Australia, New Zealand and Hong Kong only look close together when viewed from a long way away. They all have a common law eDiscovery tradition, but it is coincidence of timing rather than any specific commonality which groups them together in this post. A group of articles has bunched together in the electronic equivalent of my in-tray (Evernote, since you ask) and it is convenient to pick them off together.

So far as Australia is concerned, I have written recently about Practice Note SC EQ 11 which aims to limit disclosure of documents in the Equity Division of the New South Wales Supreme Court. That no doubt will be discussed at Chilli IQ’s 6th Information Management and eDiscovery Summit, due to take place in Sydney on 19 and 20 June. Confirmed speakers include Michelle Mahoney, Director of Legal Logistics at King & Wood Mallesons, and Browning Marean of DLA Piper US.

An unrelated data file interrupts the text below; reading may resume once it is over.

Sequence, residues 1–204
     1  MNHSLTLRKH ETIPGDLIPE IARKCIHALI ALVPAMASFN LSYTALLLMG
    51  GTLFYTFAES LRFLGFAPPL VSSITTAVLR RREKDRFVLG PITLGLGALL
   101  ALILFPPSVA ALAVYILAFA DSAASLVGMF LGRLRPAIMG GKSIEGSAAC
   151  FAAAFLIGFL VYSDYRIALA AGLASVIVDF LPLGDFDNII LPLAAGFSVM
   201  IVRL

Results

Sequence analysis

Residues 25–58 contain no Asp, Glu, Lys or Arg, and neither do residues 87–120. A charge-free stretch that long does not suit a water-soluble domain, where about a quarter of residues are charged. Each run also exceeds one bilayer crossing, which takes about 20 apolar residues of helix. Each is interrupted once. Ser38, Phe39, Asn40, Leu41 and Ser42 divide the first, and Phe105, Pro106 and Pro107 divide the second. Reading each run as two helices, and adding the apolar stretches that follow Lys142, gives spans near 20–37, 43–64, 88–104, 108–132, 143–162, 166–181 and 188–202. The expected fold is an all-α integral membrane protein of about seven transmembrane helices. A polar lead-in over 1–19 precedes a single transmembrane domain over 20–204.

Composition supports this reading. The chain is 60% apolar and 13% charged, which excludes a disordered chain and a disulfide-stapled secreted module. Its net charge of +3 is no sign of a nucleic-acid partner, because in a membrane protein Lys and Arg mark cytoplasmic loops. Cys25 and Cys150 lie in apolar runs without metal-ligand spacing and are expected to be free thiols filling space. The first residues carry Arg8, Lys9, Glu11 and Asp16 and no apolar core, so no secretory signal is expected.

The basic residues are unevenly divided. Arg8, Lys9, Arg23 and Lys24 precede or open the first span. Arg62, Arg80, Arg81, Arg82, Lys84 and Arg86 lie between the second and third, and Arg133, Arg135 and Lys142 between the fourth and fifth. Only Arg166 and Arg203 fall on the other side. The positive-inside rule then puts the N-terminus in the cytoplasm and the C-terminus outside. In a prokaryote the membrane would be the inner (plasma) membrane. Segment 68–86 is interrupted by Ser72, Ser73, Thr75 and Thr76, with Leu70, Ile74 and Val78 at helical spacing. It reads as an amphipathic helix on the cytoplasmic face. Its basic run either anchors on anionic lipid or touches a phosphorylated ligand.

The subject headings cover the full range of current talking-points. The unambiguously named Predictive coding: what is it and how could it change the practice of law in Australia clearly aims to give this subject its due.  Michelle Mahoney knows more than most on on How to best manage outsourcing eDiscovery and hosting. Browning Marean is always lucid on legal holds. Add Nuix on Integrating legal technology into your organisation and you conclude that Chilli IQ are not stinting on quality speakers. Read the rest of this entry »


Taking stock of the eDiscovery world

February 15, 2012

This is a good moment to pause a little and look around the eDiscovery / eDisclosure world.  The wide range of topics which make this such an interesting field are all getting an airing at once. The stream of useful and relevant tweets is such that I had to turn it off to get anything done. If it appears to have a largely US flavour, much of it also has relevance in the UK and elsewhere.